The Shia Factor in Relations Between the Arab Countries of the Persian Gulf and Iran

Vestnik Volgogradskogo Gosudarstvennogo Universiteta. Seriâ 4. Istoriâ, Regionovedenie, Meždunarodnye Otnošeniâ. 2016;21(4):94-101 DOI 10.15688/jvolsu4.2016.4.9


Journal Homepage

Journal Title: Vestnik Volgogradskogo Gosudarstvennogo Universiteta. Seriâ 4. Istoriâ, Regionovedenie, Meždunarodnye Otnošeniâ

ISSN: 1998-9938 (Print); 2312-8704 (Online)

Publisher: Volgograd State University

Society/Institution: Volgograd State University

LCC Subject Category: History (General) and history of Europe: History of Russia. Soviet Union. Former Soviet Republics | Political science: International relations

Country of publisher: Russian Federation

Language of fulltext: Russian

Full-text formats available: PDF



Kirichenko Vladimir P. (Russian Academy of Sciences)


Double blind peer review

Editorial Board

Instructions for authors

Time From Submission to Publication: 7 weeks


Abstract | Full Text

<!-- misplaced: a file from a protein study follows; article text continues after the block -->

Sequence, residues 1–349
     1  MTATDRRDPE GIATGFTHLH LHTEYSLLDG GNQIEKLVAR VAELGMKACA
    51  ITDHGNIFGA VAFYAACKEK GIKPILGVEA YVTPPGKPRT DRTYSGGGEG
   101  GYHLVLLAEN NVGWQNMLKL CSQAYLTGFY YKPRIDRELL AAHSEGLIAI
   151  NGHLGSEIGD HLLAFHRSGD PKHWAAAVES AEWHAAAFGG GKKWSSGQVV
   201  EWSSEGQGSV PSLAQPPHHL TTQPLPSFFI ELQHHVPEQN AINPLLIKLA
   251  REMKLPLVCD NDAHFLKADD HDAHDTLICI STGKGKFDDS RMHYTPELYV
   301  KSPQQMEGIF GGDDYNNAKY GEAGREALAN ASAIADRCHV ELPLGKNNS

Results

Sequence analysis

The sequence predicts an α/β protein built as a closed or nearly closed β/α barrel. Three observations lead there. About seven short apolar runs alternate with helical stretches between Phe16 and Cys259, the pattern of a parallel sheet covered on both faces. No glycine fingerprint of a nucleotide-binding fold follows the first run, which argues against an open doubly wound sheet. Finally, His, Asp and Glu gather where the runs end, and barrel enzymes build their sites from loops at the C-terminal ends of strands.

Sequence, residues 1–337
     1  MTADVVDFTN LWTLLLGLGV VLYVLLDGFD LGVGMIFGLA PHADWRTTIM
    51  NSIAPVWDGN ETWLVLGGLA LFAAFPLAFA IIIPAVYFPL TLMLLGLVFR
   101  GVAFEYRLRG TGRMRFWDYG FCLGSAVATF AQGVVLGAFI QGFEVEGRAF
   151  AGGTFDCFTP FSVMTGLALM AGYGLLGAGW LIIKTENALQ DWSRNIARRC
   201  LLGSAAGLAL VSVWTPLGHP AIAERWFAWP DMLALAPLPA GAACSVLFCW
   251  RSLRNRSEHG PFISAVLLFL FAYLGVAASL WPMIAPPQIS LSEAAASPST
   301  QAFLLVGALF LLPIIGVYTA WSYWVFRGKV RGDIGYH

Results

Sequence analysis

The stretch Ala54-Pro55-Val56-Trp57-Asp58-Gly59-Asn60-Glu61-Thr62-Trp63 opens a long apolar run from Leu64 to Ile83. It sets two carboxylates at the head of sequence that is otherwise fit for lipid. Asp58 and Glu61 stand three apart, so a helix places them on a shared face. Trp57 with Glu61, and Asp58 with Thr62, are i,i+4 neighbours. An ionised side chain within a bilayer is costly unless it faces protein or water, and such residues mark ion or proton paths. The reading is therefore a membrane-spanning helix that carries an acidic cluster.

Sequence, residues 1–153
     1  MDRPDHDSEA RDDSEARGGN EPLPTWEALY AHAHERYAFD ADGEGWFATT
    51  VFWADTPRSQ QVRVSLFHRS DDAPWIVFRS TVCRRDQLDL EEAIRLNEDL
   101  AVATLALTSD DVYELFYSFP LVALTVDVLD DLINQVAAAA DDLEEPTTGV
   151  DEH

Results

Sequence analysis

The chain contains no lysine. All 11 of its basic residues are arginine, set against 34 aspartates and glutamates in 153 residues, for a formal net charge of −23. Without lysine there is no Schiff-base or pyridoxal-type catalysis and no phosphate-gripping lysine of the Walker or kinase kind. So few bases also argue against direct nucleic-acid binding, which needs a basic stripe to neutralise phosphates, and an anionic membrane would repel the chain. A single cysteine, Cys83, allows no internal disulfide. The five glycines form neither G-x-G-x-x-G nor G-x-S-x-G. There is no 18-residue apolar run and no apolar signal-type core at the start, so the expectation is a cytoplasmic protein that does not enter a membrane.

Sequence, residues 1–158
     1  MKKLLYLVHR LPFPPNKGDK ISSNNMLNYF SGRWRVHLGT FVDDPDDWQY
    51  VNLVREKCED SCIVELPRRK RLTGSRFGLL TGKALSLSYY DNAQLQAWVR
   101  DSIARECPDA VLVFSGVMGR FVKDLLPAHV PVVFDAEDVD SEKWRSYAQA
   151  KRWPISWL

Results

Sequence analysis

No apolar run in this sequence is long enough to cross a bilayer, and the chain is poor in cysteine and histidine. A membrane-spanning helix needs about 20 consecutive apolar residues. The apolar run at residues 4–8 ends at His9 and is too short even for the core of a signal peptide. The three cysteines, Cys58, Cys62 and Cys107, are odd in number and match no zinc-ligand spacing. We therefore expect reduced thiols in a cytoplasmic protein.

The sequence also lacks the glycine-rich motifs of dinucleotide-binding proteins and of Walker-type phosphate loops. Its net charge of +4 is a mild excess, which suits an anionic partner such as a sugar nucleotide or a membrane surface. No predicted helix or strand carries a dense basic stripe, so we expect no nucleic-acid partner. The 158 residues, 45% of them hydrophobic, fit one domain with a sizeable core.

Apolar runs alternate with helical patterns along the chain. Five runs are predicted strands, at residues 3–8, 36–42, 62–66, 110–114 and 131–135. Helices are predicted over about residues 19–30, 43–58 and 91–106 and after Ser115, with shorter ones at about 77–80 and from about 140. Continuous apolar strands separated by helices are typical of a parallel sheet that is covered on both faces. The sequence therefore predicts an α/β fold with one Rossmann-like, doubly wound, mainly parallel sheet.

The author studies the influence of the “Shia factor” on the relations between Iran and the Gulf Arab countries. In most countries of the Persian Gulf, there are Shia communities that constitute a significant part of the population. After the Islamic revolution of 1979 relations between Iran and most Arab countries have become particularly tense. In the 1980s, the Gulf monarchies also became wary of exporting the Islamic revolution in their countries. This was due to the fact that, being inspired by the success of the co-religionists in Iran, the Arab Shiites became more involved in politics. It should be noted that the way the Arab Gulf countries treat the Shiites in the region is influenced by the fact that Iran and the Arab Gulf countries compete for political and economic predominance in the region. Often the Shia Muslims are discriminated by the authorities of the Arab countries, and are regarded as the so-called “fifth column” of Iran. In the author’s opinion, the policy of oppression of the Shia Muslims in the Persian Gulf monarchies not only worsens the political situation in these countries, but also complicates relations with neighboring Iran. This policy is not constructive. Moreover, the mythical “Iranian threat” does not go to any comparison with the threat posed by the Islamic State. According to the author, although after the execution of the Shia cleric Sheikh Nimr al-Nimr in Saudi Arabia at the beginning of 2016 Iran’s relations with Arab countries became even more strained, the further escalation of the conflict is not in the interests of Iran. Especially now, at the initial stage of removing sanctions against Iran’s nuclear program, the military operations against the Shiites in the Arab countries may slow down the process. As for Saudi Arabia, in the event of the outbreak of hostilities Riyadh may seriously damage relations with the United States. This is because Washington sees no benefits in involving Saudi Arabia, its biggest ally in the region, into another armed conflict in the region.